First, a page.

Closing Starbucks are symbols of lost luxury


Roby T. Chapel’s history with Starbucks is long and sweet.

He can recall his first gourmet coffee drink, 10 years ago at a Starbucks in Beverly Hills. “It was a Caramel Macchiato, and I took it back to my office and nursed it for, like, three hours,” he said.

“I remember saying, ‘Oh my God, now I know what people are talking about.’ After work that day, I went right back.”

On Sunday, I sat with Chapel at the counter of a Starbucks on the edge of Exposition Park. He was sipping a Doppio -- two shots of espresso, nonfat foam, one pump white mocha -- and trying to absorb what I’d just told him: That this store -- his new favorite -- was among 88 California Starbucks to be shuttered this year.


“I remember the first time I saw it,” he told me. “I hadn’t been back in the neighborhood for years. And I was passing by here, a corner I’d known all my life. And I saw a Starbucks. I was floored. I never would have imagined it.”

I can’t fault Starbucks for shutting down “underperforming” stores in the face of falling profits and a faltering economy. And it’s hard to lament the demise of the $4 latte in communities where most residents struggle to pay rent, buy groceries and gas up aging automobiles.

But Starbucks is about more than a cup of coffee in many neighborhoods. That block-letter logo on a strip mall marquee can be considered a public stamp of approval, a symbol of hope, a suggestion of brewing economic vitality.

That’s why a new Starbucks in the inner city tends to produce the kind of excitement that suburban neighborhoods reserve for the debut of a Bloomingdale’s.

The two South Los Angeles Starbucks on the closure list are fairly new, comfortable and sleek. Both -- one at the corner of Martin Luther King and Vermont; the other a few miles away on Crenshaw and Vernon -- are products of a collaboration with another marquee name, Magic Johnson, and his economic development company.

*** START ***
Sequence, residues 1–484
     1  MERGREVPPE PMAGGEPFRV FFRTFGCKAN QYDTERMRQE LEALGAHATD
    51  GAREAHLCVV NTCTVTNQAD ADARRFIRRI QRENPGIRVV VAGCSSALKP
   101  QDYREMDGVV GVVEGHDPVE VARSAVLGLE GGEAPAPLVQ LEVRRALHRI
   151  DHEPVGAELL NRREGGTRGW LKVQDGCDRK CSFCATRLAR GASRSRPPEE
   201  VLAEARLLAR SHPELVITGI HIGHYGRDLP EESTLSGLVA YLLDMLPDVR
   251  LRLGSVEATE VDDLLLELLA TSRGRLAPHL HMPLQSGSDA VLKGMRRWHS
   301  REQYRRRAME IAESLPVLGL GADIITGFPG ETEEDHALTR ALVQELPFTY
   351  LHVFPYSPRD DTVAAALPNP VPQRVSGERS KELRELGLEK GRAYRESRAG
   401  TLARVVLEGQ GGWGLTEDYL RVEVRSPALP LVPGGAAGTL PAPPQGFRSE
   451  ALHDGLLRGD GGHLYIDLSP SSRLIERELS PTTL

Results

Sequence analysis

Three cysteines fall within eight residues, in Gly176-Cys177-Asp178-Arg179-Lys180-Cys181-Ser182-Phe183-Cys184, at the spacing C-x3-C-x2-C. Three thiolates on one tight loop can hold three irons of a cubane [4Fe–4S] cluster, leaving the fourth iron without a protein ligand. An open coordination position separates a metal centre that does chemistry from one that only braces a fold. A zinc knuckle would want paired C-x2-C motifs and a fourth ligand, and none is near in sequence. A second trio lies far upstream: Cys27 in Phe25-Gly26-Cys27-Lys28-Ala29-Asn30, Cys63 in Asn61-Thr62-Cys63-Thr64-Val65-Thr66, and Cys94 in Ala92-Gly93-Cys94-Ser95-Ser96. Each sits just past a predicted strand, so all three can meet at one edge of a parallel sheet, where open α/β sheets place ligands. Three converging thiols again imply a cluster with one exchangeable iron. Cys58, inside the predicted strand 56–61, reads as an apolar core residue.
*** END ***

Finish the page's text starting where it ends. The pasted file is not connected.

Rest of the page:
When I visited the stores Sunday, neither of the two was bustling. Turns out, both rely on outsiders to fill their coffers -- police officers, university employees, government workers, teachers at nearby schools. These customers count on a Starbucks coffee to be the same in South Los Angeles as it is in Woodland Hills

The Crenshaw store had been holding its own until a Starbucks with a drive-through opened nearby. On Sunday, a barista named Warren cheerfully handed me fliers touting the Crenshaw store’s Sunday afternoon poetry readings and comedy showcase on Monday evenings.

“People ride the bus over from the Westside,” he told me. But there were more baristas than customers when I visited.

The Exposition Park store was busier, but of the half-dozen customers I talked with, only one lived in the neighborhood and visited the store regularly -- once a week for a Grande drip and a pastry.

She was surprised when I told her the store wasn’t making enough to stay open. She seemed offended by the notion. “Not everybody down here is on the county or on crack, you know,” she said.

Like many of the 50 million customers Starbucks serves each week, I scanned the list of closures posted online this weekend, expecting to find at least one of my local shops.

There are seven Starbucks within a five-mile radius of my home in Northridge. Every one of them is staying open. It feels like an embarrassment of riches.

Starbucks likes to be known as a company with a conscience. CEO Howard Schultz is fond of telling reporters that the firm tries to balance “profitability and a level of benevolence.”

I tried calling company headquarters Monday to ask how that balance played out in these decisions. But all I got was an e-mail from a public relations firm, saying:

“Starbucks recognizes the potential social implication that closing these stores may have on the communities they serve. However, it is necessary to make decisions that will strengthen Starbucks U.S. store portfolio . . . and ensure long-term value for our partners, customers and shareholders.”

So much for benevolence.

The losers are those loyal customers who considered it a privilege to join the cultural mainstream, sipping overpriced Frappuccinos. For them, losing the neighborhood Starbucks is a rebuke that stings.

Chapel said he’d probably find a new Starbucks home -- at 7th and Figueroa or University Village. But he’ll miss the feel of the one he was so delighted to find in his old neighborhood.

“It’s the one place, besides home and work, where you can relax,” he said. “You sit at the counter, chitchat with your friends or even with somebody you don’t know.

“It’s a comfortable place. A safe place,” he said. “And a chance for us to have access to luxury. Just like everybody else.”